Boeing to build new lighter, roomier jet


The Boeing Company will launch its first new jet design in 13 years, the 7E7 Dreamliner, as it works to regain aircraft leadership from European rival Airbus by pinning its future on a lighter, roomier, more fuel-efficient jet.

Tuesday’s announcement of plans to start selling the mid-size, 200-plus passenger jet capped a two-day meeting of the company’s board of directors and comes just two weeks after a top-level shakeup forced by an ethics scandal and worries about Boeing’s direction.

The announcement ended an intense rush by other communities to land assembly work for the new jet, which Boeing will build at its Everett, Washington, plant. The 7E7 eventually will come in three models and fly 200 to 250 people up to 13 355km nonstop.

The jet couldn’t be formally launched until mid-2004, or even enter the market before 2008. But a decision to begin offering it for sale is an important landmark for a company that has been overtaken by Airbus in the airplane-manufacturing business it had long ruled.

Using more composite materials than metal, the plane would weigh less and use 20% less fuel than other models.
It also would have bigger windows and slightly wider aisles and seats than other planes. Boeing would sell the jet as a replacement for the 757 and 767, with greater range to handle long-distance routes.

Boeing had not approved any all-new airplane programme since the 777 in 1990. Pressure to commit to the 7E7 had grown since the aerospace giant pulled away from launching the 747X and the Sonic Cruiser in the past three years, while Airbus was pulling even in the commercial airplane market.

New CEO Harry Stonecipher strongly endorsed the building of the 7E7 on his first day in the top post. On Tuesday, Stonecipher said he’s optimistic about the jet’s prospects.

“We are 10 for 10 in bringing successful planes to market,” he told a crowd of thousands of Boeing workers at a downtown convention centre.

Washington governor Gary Locke and the Legislature were determined to win the project, especially since being stunned two years ago by Boeing’s decision to move its headquarters to Chicago.

This summer, they agreed to grant the aerospace industry tax breaks totaling $400-million through 2009—and potentially worth $3,2-billion over 20 years—if Boeing built the 7E7 here.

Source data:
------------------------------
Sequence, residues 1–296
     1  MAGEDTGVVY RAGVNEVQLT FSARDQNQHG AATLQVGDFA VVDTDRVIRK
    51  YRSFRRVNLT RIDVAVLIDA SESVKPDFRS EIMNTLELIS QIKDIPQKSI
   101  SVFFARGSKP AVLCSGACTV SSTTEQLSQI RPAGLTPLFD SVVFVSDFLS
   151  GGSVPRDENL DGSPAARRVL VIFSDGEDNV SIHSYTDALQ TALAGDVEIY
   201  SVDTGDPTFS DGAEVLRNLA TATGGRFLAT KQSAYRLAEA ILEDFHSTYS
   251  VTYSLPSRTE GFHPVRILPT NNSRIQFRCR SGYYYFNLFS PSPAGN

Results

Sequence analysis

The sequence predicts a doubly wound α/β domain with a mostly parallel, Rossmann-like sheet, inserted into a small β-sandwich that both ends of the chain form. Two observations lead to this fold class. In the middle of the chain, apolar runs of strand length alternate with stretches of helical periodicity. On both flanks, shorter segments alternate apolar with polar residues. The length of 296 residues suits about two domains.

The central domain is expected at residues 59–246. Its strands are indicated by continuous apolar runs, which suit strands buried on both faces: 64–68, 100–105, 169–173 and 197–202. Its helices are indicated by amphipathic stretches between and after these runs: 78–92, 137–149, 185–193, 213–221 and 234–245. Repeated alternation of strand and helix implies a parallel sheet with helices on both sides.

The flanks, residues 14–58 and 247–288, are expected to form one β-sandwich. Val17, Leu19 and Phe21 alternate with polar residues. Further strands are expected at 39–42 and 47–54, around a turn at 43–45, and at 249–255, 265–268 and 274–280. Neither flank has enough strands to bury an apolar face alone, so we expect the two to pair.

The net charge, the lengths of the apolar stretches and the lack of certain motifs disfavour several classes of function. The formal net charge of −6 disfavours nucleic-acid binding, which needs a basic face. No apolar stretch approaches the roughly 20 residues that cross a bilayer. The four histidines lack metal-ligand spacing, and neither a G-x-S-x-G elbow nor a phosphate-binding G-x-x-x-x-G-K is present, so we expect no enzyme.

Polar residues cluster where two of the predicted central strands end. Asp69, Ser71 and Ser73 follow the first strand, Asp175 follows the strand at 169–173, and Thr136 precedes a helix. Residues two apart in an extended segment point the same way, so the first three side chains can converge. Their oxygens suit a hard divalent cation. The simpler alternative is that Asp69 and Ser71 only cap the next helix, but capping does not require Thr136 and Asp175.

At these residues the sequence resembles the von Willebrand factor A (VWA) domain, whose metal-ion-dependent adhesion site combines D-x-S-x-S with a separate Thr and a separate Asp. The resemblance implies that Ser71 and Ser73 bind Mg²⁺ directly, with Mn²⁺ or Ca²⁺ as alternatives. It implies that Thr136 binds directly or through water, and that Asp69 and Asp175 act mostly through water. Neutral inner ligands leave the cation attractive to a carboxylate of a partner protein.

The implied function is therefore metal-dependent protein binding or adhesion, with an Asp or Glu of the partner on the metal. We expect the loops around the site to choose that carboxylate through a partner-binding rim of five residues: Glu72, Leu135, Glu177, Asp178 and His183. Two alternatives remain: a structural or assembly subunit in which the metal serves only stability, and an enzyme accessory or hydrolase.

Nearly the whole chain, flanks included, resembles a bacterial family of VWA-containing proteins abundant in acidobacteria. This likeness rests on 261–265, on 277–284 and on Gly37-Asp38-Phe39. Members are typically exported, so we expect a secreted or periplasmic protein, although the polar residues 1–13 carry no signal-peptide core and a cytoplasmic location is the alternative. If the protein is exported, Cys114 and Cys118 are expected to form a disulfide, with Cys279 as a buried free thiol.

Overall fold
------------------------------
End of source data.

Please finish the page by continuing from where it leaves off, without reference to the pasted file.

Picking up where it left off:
Washington state politicians were jubilant at the news.

“One hundred years ago this week, the Wright brothers launched the age of flight,” noted US Senator Patty Murray. “Today we proved that Washington has the right stuff to lead the next century of aviation.”

A plane the size of the 7E7 is in demand, an analyst said, adding that Boeing’s decision likely will boost workers’ morale.

“This is what they needed to do for a very long time,” said Richard Turgeon of Victory Capital Management. “It’s a good thing for the company all around.” Japan Airlines, reportedly a potential launch customer for the 7E7, remains undecided, a spokesperson said.

Boeing made presentations to the airline this autumn, and “we have been making our own internal study as we will eventually need replacements for our older Boeing 767 aircraft and Airbus A300 types,” JAL spokesperson Geoffrey Tudor said in Tokyo. “We have made no decision or commitment on the 7E7.”

In France, Airbus Commercial Director John Leahy disputed the 7E7’s appeal, saying Airbus’ A330-200, launched in 1998, is just as good a deal. Leahy said Airbus estimates that roughly 1 800 jets in the 200-to 250-passenger range will be sold over the next two decades, and that the two companies are likely to split those sales.

Boeing estimates the demand at closer to 3 500 jets over the next 20 years, and it expects a majority of those to be the 7E7.

Boeing has been battered by bad news since its move to Chicago in 2001, from the global aviation downturn after the 2001 terrorist attacks to recent scandals involving government contracts.

Former CEO Phil Condit resigned on December 1 amid a series of ethics scandals in the company’s defence business.

Last month, Boeing fired its chief financial officer, Mike Sears, for unethical conduct, saying he negotiated the hiring of an Air Force missile defense expert while she was still working for the Pentagon and was in a position to influence Boeing contracts.

Sears has denied any wrongdoing.

The company also dismissed the former Air Force official, Darleen Druyun, who was hired earlier this year as vice president and deputy general manager of Boeing’s Missile Defence Systems unit.

The government also withdrew $1-billion in satellite contracts from the company in response to Boeing’s admission that it had information about a rival’s bid for the work.

The Pentagon also is reviewing a contract to acquire Boeing 767 refueling tankers that had come under harsh criticism in Congress over its price.

Boeing’s shares gained 73 cents to close at $39,93 Tuesday on the New York Stock Exchange. - Sapa-AP

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